Long term investing works well, but it doesn’t always work for each individual stock. We don’t wish catastrophic capital loss on anyone. Spare a thought for those who held iBuyNew Group Limited (ASX:IBN) for five whole years – as the share price tanked 97%. And some of the more recent buyers are probably worried, too, with the stock falling 90% in the last year. Furthermore, it’s down 52% in about a quarter. That’s not much fun for holders.
We really feel for shareholders in this scenario. It’s a good reminder of the importance of diversification, and it’s worth keeping in mind there’s more to life than money, anyway.
iBuyNew Group isn’t a profitable company, so it is unlikely we’ll see a strong correlation between its share price and its earnings per share (EPS). Arguably revenue is our next best option. Shareholders of unprofitable companies usually expect strong revenue growth. That’s because fast revenue growth can be easily extrapolated to forecast profits, often of considerable size.
In the last half decade, iBuyNew Group saw its revenue increase by 46% per year. That’s better than most loss-making companies. So on the face of it we’re really surprised to see the share price has averaged a fall of 52% each year, in the same time period. It could be that the stock was over-hyped before. We’d recommend carefully checking for indications of future growth – and balance sheet threats – before considering a purchase.
You can see how revenue and earnings have changed over time in the image below, (click on the chart to see cashflow).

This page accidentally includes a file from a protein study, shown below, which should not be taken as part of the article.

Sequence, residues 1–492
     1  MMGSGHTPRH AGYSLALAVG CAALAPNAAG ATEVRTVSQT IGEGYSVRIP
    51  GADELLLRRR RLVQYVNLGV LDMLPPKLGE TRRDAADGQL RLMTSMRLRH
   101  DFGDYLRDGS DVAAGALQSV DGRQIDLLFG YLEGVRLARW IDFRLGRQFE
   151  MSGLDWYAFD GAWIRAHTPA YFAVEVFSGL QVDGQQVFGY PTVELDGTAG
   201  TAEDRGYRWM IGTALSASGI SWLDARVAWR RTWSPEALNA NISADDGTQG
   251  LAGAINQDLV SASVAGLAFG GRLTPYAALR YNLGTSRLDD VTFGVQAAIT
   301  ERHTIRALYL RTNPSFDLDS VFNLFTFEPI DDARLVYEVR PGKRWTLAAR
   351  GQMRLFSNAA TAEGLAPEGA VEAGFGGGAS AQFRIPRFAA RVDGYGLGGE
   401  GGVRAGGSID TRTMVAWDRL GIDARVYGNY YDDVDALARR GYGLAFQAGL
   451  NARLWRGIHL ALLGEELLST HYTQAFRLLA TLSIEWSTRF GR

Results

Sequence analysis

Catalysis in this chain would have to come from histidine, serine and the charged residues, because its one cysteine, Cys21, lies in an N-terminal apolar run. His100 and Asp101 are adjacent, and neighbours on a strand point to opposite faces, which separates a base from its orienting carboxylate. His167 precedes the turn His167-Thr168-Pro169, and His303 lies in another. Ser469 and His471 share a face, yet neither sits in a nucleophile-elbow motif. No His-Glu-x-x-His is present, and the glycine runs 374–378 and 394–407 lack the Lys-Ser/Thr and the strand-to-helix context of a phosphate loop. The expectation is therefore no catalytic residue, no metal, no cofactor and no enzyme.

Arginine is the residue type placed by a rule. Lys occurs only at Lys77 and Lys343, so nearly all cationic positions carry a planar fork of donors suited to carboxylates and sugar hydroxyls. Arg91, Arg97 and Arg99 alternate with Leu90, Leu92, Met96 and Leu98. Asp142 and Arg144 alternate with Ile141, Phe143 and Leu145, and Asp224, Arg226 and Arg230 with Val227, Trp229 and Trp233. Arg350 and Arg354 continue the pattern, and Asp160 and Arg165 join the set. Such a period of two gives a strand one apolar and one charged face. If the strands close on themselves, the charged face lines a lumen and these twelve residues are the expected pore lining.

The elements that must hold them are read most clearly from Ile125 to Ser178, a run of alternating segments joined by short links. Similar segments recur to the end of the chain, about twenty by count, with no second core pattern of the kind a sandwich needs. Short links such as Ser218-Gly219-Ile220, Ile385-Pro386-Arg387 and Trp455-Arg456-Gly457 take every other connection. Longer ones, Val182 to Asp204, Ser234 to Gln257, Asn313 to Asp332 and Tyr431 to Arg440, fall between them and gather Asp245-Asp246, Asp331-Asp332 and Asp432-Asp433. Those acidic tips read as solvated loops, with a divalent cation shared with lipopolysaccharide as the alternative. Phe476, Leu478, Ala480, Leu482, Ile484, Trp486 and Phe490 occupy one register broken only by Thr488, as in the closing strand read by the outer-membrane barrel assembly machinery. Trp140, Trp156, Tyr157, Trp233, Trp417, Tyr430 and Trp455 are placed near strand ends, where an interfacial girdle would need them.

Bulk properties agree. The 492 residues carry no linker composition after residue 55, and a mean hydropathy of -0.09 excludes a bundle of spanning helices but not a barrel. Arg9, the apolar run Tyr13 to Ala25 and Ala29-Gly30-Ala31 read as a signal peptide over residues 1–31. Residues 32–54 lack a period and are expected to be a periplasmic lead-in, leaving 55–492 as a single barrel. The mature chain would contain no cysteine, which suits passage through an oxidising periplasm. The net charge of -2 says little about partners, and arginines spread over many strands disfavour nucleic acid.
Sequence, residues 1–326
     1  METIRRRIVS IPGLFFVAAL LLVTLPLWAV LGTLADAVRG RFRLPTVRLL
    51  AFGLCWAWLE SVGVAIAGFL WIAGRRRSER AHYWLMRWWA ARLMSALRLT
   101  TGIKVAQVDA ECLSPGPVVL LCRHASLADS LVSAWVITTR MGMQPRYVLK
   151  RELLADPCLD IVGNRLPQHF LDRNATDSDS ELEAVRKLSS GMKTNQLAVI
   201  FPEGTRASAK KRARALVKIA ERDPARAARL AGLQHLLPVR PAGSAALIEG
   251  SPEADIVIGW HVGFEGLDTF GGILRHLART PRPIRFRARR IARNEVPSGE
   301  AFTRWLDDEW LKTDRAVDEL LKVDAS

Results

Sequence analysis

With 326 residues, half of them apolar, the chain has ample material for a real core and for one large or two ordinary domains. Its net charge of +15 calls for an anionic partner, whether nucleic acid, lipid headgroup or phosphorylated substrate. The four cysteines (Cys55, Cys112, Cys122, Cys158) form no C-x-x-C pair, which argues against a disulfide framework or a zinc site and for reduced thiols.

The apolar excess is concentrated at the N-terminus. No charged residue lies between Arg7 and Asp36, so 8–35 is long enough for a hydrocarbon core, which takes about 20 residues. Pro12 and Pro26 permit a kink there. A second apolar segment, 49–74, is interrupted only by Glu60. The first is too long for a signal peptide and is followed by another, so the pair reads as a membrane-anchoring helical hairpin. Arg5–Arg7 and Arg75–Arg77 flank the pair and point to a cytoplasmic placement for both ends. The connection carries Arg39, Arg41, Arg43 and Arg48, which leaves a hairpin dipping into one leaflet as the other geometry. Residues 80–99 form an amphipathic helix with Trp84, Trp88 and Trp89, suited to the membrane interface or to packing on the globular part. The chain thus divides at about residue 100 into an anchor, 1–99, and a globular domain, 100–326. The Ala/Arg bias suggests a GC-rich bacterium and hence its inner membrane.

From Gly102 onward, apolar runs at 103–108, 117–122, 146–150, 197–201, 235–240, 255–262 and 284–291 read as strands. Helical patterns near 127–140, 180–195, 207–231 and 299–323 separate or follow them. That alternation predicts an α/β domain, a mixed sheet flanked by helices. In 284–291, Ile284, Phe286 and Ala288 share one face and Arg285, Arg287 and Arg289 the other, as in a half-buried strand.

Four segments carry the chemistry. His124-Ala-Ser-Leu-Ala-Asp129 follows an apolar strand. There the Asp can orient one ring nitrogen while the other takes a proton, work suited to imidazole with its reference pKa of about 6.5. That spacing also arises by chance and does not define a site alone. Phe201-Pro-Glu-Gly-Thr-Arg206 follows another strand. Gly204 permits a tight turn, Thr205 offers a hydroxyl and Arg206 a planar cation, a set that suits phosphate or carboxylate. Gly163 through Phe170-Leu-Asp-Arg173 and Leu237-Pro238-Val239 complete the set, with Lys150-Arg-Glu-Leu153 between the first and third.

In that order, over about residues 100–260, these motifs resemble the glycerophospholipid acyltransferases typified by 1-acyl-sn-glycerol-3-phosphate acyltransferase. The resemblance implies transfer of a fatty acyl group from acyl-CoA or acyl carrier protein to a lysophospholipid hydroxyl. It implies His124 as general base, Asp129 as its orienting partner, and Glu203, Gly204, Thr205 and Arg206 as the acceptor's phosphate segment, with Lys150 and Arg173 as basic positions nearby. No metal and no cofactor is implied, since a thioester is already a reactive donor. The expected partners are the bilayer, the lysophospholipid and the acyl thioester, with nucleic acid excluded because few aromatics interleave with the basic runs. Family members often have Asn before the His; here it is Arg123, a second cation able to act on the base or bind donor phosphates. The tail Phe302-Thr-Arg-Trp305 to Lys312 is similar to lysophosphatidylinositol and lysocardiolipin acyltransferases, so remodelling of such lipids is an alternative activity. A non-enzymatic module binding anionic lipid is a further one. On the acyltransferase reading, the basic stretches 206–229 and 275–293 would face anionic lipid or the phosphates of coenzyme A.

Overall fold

We consider it positive that insiders have made significant purchases in the last year. Having said that, most people consider earnings and revenue growth trends to be a more meaningful guide to the business. Dive deeper into the earnings by checking this interactive graph of iBuyNew Group’s earnings, revenue and cash flow.
A Different Perspective
Investors in iBuyNew Group had a tough year, with a total loss of 90%, against a market gain of about 12%. Even the share prices of good stocks drop sometimes, but we want to see improvements in the fundamental metrics of a business, before getting too interested. Unfortunately, last year’s performance may indicate unresolved challenges, given that it was worse than the annualised loss of 51% over the last half decade. We realise that Buffett has said investors should ‘buy when there is blood on the streets’, but we caution that investors should first be sure they are buying a high quality businesses. It is all well and good that insiders have been buying shares, but we suggest you check here to see what price insiders were buying at.
If you like to buy stocks alongside management, then you might just love this free list of companies. (Hint: insiders have been buying them).Please note, the market returns quoted in this article reflect the market weighted average returns of stocks that currently trade on AU exchanges.
We aim to bring you long-term focused research analysis driven by fundamental data. Note that our analysis may not factor in the latest price-sensitive company announcements or qualitative material.
If you spot an error that warrants correction, please contact the editor at email@example.com. This article by Simply Wall St is general in nature. It does not constitute a recommendation to buy or sell any stock, and does not take account of your objectives, or your financial situation. Simply Wall St has no position in the stocks mentioned. Thank you for reading.